While the proposed CFAA changes would actually more narrowly define some crimes, it would nevertheless allow for federal prosecutors to go after a myriad of nonviolent hackers and security researchers if they wish to pursue felony convictions.
One example, for instance, would rewrite a current provision of the CFAA that outlaws the trafficking of passwords in situations where log-in credentials in the wrong hands would mean bad news for either government computers or interstate or foreign commerce. If the draft is approved, however, sharing “any password of similar information or means of access” through which a protected computer can be accessed without authorization would be a crime.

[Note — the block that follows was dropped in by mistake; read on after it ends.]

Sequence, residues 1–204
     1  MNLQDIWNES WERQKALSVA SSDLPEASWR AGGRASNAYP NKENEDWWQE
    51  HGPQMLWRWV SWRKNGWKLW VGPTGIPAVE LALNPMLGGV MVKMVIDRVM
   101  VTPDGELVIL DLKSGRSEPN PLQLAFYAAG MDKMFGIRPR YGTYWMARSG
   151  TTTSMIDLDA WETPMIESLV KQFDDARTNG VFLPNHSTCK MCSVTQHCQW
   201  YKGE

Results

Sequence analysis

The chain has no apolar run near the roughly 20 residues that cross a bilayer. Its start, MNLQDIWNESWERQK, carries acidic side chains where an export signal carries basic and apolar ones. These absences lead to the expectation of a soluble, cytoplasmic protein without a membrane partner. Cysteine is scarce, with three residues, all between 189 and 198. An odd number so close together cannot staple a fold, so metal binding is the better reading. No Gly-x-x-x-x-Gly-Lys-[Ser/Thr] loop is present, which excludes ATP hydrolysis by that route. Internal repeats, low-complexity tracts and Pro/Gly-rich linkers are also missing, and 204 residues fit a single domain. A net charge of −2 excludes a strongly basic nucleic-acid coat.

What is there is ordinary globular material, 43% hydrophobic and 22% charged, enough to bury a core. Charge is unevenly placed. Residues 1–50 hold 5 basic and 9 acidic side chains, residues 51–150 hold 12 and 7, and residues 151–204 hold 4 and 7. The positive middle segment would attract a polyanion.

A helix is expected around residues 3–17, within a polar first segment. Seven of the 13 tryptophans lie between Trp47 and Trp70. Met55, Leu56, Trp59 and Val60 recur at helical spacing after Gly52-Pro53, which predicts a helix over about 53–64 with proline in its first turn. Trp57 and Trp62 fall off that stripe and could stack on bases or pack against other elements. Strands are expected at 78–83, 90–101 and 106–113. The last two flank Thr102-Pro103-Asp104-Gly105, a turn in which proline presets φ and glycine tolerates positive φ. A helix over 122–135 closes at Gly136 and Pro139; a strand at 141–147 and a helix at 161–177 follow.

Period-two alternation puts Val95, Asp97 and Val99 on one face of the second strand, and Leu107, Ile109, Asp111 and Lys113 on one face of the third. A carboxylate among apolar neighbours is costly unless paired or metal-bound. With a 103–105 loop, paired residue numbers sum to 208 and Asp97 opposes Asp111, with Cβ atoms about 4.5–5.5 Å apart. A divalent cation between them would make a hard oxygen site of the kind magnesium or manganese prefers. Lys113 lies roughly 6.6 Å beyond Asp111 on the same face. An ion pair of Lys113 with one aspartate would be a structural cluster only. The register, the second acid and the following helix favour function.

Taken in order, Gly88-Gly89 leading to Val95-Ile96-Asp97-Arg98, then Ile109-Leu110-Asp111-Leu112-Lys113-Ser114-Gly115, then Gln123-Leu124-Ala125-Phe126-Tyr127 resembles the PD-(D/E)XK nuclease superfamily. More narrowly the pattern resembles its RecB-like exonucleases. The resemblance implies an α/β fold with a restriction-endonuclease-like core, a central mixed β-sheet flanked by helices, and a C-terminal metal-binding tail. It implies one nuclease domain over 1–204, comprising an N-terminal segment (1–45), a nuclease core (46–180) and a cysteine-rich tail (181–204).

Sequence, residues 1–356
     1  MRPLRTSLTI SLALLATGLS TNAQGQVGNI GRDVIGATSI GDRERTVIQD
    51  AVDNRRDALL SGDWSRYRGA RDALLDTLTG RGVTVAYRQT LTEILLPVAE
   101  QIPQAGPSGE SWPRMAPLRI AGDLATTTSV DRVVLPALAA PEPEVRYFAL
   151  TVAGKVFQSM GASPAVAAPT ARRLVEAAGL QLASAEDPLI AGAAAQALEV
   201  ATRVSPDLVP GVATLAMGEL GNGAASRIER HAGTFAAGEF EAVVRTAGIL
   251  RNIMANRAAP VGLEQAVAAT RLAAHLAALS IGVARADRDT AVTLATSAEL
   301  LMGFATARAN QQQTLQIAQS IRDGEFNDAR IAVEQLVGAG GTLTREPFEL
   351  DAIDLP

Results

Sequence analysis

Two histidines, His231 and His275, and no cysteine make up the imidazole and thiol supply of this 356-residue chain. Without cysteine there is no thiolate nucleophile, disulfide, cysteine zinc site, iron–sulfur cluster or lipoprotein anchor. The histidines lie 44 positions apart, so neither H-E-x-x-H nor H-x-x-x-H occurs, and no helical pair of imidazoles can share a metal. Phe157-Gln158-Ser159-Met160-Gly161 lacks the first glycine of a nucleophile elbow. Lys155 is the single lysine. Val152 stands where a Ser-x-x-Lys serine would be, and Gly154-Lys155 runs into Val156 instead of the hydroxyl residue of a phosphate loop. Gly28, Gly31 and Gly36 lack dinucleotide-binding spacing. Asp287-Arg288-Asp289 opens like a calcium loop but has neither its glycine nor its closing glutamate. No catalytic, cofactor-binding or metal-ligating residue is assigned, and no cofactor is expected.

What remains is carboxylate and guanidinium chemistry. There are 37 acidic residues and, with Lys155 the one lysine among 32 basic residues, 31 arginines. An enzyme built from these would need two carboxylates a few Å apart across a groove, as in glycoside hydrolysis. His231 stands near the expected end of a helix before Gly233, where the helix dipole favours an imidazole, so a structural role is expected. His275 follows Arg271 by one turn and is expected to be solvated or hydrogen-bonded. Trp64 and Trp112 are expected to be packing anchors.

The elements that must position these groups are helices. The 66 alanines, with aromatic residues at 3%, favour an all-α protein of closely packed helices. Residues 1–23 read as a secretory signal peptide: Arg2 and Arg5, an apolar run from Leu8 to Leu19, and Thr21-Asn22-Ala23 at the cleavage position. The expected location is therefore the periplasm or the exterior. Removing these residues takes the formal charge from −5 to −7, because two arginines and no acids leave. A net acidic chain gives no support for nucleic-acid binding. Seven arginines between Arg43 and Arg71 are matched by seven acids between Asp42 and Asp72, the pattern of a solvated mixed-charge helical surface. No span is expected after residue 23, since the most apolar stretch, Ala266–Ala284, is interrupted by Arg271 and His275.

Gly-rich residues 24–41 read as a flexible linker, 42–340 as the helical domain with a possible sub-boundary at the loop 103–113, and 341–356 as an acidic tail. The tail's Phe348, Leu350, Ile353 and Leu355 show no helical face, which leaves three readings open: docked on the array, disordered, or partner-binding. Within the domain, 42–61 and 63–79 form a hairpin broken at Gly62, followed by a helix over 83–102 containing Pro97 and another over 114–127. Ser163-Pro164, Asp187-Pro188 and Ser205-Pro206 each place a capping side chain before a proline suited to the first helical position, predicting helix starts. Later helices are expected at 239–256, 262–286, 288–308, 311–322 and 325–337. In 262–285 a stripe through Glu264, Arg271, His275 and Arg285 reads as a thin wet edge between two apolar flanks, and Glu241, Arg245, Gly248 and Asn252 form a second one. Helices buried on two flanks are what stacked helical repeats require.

“It would make ‘trafficking in passwords’ used to access any protected computer an offense punishable by up to 10 years in prison — which, theoretically, could mean that sharing your login information for Netflix or The New York Times could land you in jail” Slate’s Justin Peters wrote this week.
Unfortunately for computer researchers, the term “protected computer” is so vaguely defined by the federal government then going to even a website without expressed approval could constitute a violation depending on who’s interpreting the law.
"Everybody here accesses a protected computer by the definition of the law," Auernheimer told TechNewsDaily back in November while a jury deliberated — and eventually convicted him — of breaching AT&T’s servers. "The 'protected computer' is any network computer. You access a protected computer every day,” he said.